In advising other fleet managers in procurement, running and servicing vehicles, managing drivers and improving efficiency, James says it’s safety first. “It’s our utmost priority and is the first consideration in any decisions taken,” he said firmly, knowing that the flow on from safety can make the rest of the task much easier. “Following safety, having a flexible approach to decision-making when it comes to vehicles is also valuable; sometimes the safest, most suitable and cost-effective solution is not the first brand that comes to mind, and of course, the task the vehicles are required for will affect the vehicle type.”

Dixon says to choose a supplier with a network that understands your business requirement. So too is regular and thorough maintenance. “Sticking with the OEM service regime is key to success; the vehicle manufacturer undertakes exhaustive testing on maintenance and this should be followed rigorously.” It’s a similar story with vehicle accidents and the follow-up investigation – don’t just sweep it under the rug. “Where accidents do happen, we don’t just repair the damage and move on; you need to understand why the accident happened and put steps in place to ensure it doesn’t happen again.”aust post truck 2

In the pursuit of safety, Australia Post is again an experienced lot. Taking care of its people and others is at the core of every operation, especially its enormous and frantic fleet operations.

“Australia Post has evolved out of a safety-strictly-for-compliance culture in which safety leadership is seen as everyone’s responsibility and is demonstrated at every level,” he said. “Managers are empowered to take ownership of safety outcomes and make decisions that will reduce exposure through expert technical safety advice and support.”

“We have underpinned safety leadership by really focussing on our serious injury and fatality exposure or potential,” he said. “We’ve tailored a focussed observation and feedback program on providing affirmation to our operators/drivers/riders who demonstrate the safe behaviour while also affording coaching to those workers who perhaps aren’t as safe.”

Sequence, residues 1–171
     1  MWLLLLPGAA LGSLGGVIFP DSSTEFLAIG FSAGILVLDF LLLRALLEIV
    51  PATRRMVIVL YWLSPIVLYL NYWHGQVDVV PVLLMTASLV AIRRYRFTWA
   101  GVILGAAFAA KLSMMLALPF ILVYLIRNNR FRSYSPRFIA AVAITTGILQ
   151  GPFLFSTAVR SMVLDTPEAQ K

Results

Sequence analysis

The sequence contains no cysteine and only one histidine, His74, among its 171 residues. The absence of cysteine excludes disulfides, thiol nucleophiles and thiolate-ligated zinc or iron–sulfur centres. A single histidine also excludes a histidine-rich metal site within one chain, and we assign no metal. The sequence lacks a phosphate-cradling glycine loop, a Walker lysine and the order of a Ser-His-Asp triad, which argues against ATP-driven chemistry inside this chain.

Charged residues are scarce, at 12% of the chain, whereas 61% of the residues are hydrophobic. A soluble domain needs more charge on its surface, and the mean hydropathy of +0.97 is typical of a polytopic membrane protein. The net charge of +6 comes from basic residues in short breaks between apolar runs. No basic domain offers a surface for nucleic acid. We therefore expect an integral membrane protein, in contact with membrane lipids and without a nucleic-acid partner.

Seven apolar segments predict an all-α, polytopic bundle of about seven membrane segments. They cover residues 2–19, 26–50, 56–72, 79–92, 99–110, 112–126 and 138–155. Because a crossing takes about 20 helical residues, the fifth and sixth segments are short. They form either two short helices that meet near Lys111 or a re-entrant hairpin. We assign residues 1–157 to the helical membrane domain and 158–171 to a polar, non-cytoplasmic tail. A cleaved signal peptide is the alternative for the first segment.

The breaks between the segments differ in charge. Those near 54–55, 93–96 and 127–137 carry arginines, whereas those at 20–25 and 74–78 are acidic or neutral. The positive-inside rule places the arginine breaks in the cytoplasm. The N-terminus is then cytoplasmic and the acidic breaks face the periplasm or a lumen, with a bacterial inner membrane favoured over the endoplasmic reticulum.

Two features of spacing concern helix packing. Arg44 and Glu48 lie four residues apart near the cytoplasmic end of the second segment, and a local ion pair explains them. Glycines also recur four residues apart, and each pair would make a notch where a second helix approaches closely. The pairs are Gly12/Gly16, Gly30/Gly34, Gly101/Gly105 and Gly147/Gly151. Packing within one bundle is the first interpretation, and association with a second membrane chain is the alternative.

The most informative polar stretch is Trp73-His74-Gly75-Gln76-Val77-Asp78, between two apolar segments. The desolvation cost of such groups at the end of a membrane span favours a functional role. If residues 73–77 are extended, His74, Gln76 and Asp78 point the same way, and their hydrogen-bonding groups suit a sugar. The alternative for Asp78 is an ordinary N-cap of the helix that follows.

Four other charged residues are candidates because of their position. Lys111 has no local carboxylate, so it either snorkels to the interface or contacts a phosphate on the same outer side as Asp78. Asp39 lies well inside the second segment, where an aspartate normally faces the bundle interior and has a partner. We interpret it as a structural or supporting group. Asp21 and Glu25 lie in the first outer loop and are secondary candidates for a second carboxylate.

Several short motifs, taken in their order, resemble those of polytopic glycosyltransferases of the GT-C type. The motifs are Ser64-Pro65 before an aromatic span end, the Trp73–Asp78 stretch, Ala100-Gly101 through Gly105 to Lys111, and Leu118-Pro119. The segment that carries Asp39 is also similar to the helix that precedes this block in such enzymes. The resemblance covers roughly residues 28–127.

Into the future Australia Post will be bringing its supervisory level leaders further along the safety path. After all, it’s the supervisor team James Dixon says, “really has the breadth and depth of influence in our network.” He says the strategies on coaching, training and feedback are already rolling out and will be imperative in its safety-conscious future.Aus_Post_Mercedes-Benz_Sprinter_311_CDI_Perth

James’ role is very complex, as you can imagine, with real-time tactical activities and strategic planning essential in day-to-day operations due to the speed of change, especially driven by eCommerce and the present day technology disruption.

“I reflect on my time in the United States Marine Corp and the learning instilled in me around the need to be agile and improvise when needed,” he said. “The best plans change and improvising is required to achieve excellence. I also reflect on my decade-plus at Linfox Logistics and the mentors and industry experts I had access to. These previous roles have enhanced my capability for the challenges of today.”

Fortunately, among the hustle and bustle of the planes, trains and automobile games he plays every day, he gets to enjoy a few elements of the job. “I enjoy the people, the passion and the pace of change. These three criteria ensure my days are both challenging and quite enjoyable,” he said. “I find the most interesting thing is the desire of our people to be successful and delight our customers while performing safely. These teams invigorate me to work smarter and harder to ensure their success.”aust post truck

No doubt, like the simple but reliable Chevy that once moved him from A to B and beyond, James Dixon has got Australia Post’s fleet demands all under wraps.